Oral Roberts University

Tulsa, Oklahoma is absolutely littered with gems that I have taken for granted my entire life.  Today, I was able to spend some time wandering the campus of Oral Roberts University and see some of the interesting architecture that, previous to now, I’ve never taken the time to see up close and in person.

ORU was founded in 1963 by evangelist Oral Roberts and remains the largest Charismatic Christian university in the world, typically educating just under 4,000 students from home and abroad.  It is home to several rather interesting structures, but none as catching as the impossible-looking Prayer Tower in the center of the campus.

The Prayer Tower opened in 1967 and was quite controversial, as it was thought that such a blatant religious structure would interfere with the university’s accreditation status.  Truly a sight to behold, the golden spire’s shape is loosely based on that of a cross and contains many symbolic angles.  From above, it resembles the Star of David.  The red-colored cross-hatch lattice around the observation deck is meant to evoke Jesus’ crown of thorns and the blood shed for the salvation of man.  Atop the spire is a flame designed to represent baptism in the Holy Spirit.  Whether or not you believe, it is quite obvious that a lot of love, care, and attention went into the design of this unique structure.

Next door to the main university campus is the Mabee Center, an arena that seats just over 11k folks on a sold-out night.  It plays host to home games for the ORU Golden Eagles basketball team.  It has also had it’s fair share of musical guests, from Johnny Cash to Luciano Pavarotti.  I myself have seen a few concerts there and, in my youth, recall several enjoyable performances of Sesame Street Live.  The building was constructed in the early seventies and, while not nearly as extravagant as the Prayer Tower, does have a good sense of individuality and has a unique place on/near the Oral Roberts Campus.

Afterwards, I walked across 81st street to take a look at the Citiplex Towers.  The buildings were originally Oral Roberts property known as the City of Faith Medical and Research Center, and was even planned to be a major Christian hospital complex.  However, just a few years of operation rendered the buildings mostly empty and was sold off/converted into office space.  The towers stick out in Southern Tulsa for several reasons.  They are gold.  The tallest building is sixty stories tall, whereas the only other buildings that size in town reside in downtown.  Although I’m not a huge fan of gold, they are beautiful in their own way and are an iconic part of town.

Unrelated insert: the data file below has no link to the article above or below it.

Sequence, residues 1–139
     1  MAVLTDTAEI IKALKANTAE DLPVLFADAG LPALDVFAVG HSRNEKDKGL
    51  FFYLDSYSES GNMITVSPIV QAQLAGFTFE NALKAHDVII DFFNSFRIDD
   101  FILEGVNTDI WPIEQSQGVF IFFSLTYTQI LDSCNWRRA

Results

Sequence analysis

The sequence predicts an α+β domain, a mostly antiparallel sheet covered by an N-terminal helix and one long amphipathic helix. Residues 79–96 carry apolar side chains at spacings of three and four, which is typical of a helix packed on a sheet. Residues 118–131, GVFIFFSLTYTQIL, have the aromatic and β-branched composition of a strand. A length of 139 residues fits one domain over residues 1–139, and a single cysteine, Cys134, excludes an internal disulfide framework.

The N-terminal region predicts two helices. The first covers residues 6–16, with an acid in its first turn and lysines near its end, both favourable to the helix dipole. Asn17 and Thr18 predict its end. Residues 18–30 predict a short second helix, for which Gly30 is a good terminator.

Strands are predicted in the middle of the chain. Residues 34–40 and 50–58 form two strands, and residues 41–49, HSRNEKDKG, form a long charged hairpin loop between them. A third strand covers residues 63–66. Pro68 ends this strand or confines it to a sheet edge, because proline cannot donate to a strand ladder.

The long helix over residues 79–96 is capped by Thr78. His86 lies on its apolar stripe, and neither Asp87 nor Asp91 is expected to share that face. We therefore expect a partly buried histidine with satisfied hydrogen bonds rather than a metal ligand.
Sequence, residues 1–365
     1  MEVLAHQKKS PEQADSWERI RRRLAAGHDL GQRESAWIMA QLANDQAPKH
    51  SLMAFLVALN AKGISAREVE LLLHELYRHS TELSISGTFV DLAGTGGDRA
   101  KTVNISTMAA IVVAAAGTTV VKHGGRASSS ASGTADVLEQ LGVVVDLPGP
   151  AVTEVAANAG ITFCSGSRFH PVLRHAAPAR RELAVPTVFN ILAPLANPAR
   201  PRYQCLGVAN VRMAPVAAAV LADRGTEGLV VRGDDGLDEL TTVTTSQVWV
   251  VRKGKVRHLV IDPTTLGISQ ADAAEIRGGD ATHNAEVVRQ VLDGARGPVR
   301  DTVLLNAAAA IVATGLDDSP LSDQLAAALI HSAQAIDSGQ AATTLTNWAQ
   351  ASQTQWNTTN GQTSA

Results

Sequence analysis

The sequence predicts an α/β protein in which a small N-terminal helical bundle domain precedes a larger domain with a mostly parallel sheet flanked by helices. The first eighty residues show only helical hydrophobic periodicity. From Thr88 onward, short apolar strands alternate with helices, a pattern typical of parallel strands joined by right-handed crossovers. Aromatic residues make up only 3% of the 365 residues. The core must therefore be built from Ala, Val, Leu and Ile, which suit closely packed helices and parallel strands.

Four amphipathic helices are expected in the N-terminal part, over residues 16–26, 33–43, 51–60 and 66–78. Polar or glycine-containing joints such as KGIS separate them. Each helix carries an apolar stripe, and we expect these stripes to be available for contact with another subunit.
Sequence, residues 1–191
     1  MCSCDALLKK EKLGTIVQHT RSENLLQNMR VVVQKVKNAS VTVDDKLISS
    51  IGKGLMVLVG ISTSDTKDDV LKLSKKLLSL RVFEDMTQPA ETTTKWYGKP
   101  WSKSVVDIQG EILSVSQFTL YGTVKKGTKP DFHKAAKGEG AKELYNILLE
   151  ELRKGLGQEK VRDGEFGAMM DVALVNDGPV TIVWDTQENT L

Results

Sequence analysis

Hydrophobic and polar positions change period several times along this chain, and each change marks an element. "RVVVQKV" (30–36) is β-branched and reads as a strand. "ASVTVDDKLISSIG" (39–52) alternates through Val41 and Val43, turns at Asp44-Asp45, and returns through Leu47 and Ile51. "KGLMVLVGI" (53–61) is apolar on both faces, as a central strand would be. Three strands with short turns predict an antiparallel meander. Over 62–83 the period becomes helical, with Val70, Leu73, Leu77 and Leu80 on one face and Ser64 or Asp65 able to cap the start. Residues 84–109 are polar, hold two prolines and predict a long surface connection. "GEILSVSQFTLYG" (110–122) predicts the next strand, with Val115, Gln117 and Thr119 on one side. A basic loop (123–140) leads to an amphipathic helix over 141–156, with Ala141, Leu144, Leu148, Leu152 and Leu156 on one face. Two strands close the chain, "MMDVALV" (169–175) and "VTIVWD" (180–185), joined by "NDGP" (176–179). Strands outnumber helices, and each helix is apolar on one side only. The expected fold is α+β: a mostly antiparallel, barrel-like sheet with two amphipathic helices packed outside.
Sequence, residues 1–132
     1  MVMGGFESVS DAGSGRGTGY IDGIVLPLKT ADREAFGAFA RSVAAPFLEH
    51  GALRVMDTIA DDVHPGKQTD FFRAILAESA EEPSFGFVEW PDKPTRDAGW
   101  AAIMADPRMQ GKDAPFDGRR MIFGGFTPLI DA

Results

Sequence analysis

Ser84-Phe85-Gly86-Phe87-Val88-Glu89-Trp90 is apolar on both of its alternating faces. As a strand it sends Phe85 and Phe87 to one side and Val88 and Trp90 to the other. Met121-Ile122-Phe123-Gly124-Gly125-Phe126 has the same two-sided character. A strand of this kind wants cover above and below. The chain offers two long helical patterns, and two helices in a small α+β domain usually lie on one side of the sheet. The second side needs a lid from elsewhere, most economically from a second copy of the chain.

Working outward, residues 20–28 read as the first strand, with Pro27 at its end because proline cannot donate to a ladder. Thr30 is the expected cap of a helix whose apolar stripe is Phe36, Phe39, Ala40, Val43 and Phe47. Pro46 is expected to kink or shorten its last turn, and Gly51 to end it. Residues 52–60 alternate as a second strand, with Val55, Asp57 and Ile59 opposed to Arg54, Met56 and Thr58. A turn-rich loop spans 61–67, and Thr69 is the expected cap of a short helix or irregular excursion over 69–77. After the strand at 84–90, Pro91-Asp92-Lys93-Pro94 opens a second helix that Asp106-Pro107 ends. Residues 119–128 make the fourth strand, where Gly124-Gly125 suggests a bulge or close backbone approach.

Finally, the Praying Hands.  Giant bronze hands formed in prayer.  These babies were originally situated in front of the Citiplex Towers, but when they were sold off the hands were moved to the entrance of ORU.  They are intimidating and curiously detailed.  It’s another one of those structures I’ve driven by my entire life but not really put much effort into actually LOOKING at it.  They really are quite beautiful.

And that was that.  The sky started clouding up and rain came into town.  I spent the rest of today inside, but it sure was good to get out and get back into my photography.

About rhysfunk

Rhys Martin was born in Tulsa, Oklahoma in 1981. In 2009, he sold everything he owned and left the country, living out of a backpack for ten months. He discovered a passion for photography while traveling throughout Southeast Asia and Europe. After returning home, he looked at his home town and Oklahoma heritage with fresh eyes. When he began to explore his home state, Rhys turned his attention to historic Route 66. As he became familiar with the iconic highway, he began to truly appreciate Oklahoma’s place along the Mother Road. He has traveled all 2,400 miles of Route 66, from Chicago to Los Angeles. He has also driven many miles on rural Oklahoma highways to explore the fading Main Streets of our small towns. Rhys has a desire to find and share the unique qualities of the Sooner State with the rest of the world. Cloudless Lens Photography has been featured in several publications including This Land, Route 66 Magazine, Nimrod Journal, Inbound Asia Magazine, The Oklahoman, and the Tulsa World. Rhys loves to connect with people and share his experiences; ask him about enjoyable day trips from Tulsa, locations along Route 66, and good diners or burger joints along the way.
This entry was posted in Old Travelogue. Bookmark the permalink.

Leave a Reply

Fill in your details below or click an icon to log in:

WordPress.com Logo

You are commenting using your WordPress.com account. Log Out / Change )

Twitter picture

You are commenting using your Twitter account. Log Out / Change )

Facebook photo

You are commenting using your Facebook account. Log Out / Change )

Google+ photo

You are commenting using your Google+ account. Log Out / Change )

Connecting to %s